Wanderson Ferreira de Carvalho lost 23 family members — including his wife and 2-year-old son — in the massive mudslides, yet spent Saturday hauling water and food up steep jungle trails. Emotionally numb, physically exhausted, he knew nobody else was going to help.

"We have to help those who are alive," he said as he hauled supplies five miles (eight kilometers) up the dangerous trail. "There is no more help for those who are dead. I've cried a lot and sometimes my mind goes blank and I almost forget what happened. But we have to do what we must to help the living."

This many days later, after his father was found in an advanced state of decay, he doesn't even want to find his son.

"He's with God," he said. "Whoever is buried, it's better to leave them in peace."

In the center of Teresopolis, hundreds of homeless are sheltered in a local gymnasium in the town, where food and medical care are abundant.

As bodies are carried out of the hills, they're laid to rest — by relatives, or by the state. Small town morgues are completely overwhelmed by bodies.

On Saturday, 50 unidentified corpses were laid in graves by the military in Nova Friburgo. Fingerprints, photos, and genetic material were gathered so the dead could be identified later, according to a statement by Nova Friburgo city official Hedel Nara Ramos.

The mudslides hit an area of nearly 900 square miles (2,330 square kilometers) in lush, forested mountains about 40 miles (65 kilometers) north of Rio. The deaths are centered in Teresopolis and three other towns, where many wealthier citizens of Rio maintain weekend homes.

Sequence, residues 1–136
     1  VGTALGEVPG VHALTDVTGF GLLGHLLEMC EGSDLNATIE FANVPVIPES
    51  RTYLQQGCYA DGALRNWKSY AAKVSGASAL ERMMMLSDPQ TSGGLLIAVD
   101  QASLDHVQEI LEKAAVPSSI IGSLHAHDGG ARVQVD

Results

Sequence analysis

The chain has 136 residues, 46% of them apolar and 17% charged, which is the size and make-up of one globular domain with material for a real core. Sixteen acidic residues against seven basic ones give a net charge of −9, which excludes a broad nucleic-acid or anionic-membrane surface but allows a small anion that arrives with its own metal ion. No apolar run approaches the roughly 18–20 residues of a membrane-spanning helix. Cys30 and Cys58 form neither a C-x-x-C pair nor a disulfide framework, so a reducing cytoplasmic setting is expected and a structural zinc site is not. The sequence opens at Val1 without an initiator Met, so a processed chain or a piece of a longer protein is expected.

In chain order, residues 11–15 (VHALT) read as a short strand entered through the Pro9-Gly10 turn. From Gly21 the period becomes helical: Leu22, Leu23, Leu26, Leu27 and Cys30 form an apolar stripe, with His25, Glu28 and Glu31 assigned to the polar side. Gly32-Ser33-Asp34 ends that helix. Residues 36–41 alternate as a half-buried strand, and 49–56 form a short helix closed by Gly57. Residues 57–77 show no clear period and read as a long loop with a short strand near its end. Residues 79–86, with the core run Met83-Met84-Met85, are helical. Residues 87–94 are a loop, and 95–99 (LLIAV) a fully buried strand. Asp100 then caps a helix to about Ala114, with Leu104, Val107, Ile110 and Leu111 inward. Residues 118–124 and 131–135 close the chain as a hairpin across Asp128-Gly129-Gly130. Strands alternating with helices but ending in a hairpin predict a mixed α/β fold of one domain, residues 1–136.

While the disaster has destroyed the homes of rich and poor alike, the deaths are overwhelmingly seen in humbler areas, where homes are flimsier, most lacking foundations, and located in steep areas known to be at high risk of mudslides.

Rio state's Civil Defense department said on its website Saturday that 263 people were killed in Teresopolis and 274 in Nova Friburgo, a 45-mile (75-kilometer) drive to the west that draws hikers and campers to mountain trails, waterfalls and dramatic views of lush green slopes. Fifty-five died in neighboring Petropolis and 19 in the town of Sumidouro.

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Associated Press writers Stan Lehman and Bradley Brooks in Sao Paulo contributed to this report.